Pain cases generally depend on testimony. They generally do not involve a situation where the claimant is provably unable to do a certain task, but involve a limitation that pain imposes on them. That's not necessarily provable by an Xray or even by MRI or CT scans. Even so, without medical proof of the underlying problem that is causing the pain, they a nearly impossible to prove.
I tried a case earlier this year where the man had had a two level fusion; fusions usually are pretty succesful in the neck. This man, though, had a poor recovery which was documented by MRI. He was denied at the first two stages and he had been declined by another experienced SSDI/SSI lawyer. I decided that his pain complaints were legitimate and tried the case. The judge agreed.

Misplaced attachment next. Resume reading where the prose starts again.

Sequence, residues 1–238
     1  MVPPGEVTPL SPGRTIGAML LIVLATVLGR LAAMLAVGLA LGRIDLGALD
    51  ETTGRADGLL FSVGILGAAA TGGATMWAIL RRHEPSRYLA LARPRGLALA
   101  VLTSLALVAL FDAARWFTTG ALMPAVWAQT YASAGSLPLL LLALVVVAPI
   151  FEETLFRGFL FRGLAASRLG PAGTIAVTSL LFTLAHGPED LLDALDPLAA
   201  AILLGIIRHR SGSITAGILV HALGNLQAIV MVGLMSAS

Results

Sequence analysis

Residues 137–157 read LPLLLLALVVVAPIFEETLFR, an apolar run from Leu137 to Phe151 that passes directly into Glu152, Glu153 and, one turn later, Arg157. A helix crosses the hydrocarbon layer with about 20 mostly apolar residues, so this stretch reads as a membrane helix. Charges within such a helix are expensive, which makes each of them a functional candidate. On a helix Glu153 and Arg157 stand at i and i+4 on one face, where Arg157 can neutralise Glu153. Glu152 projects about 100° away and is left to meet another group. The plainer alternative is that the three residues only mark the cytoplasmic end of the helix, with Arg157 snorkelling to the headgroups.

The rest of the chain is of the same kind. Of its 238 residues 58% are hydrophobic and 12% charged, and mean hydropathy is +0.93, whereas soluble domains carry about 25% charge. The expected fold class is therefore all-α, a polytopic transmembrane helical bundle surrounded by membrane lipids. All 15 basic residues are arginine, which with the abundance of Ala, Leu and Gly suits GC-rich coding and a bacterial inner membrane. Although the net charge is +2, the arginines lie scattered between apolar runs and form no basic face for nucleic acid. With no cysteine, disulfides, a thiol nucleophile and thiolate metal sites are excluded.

I also got disability a few years ago for a woman who passed many gallstones (seen on Xray) per week and who was on morphine for the severe pain. She was a young mother who couldn't do much for herself or her family because she spent most of her time crying due to the pain. The judge agreed that that pain was disabling.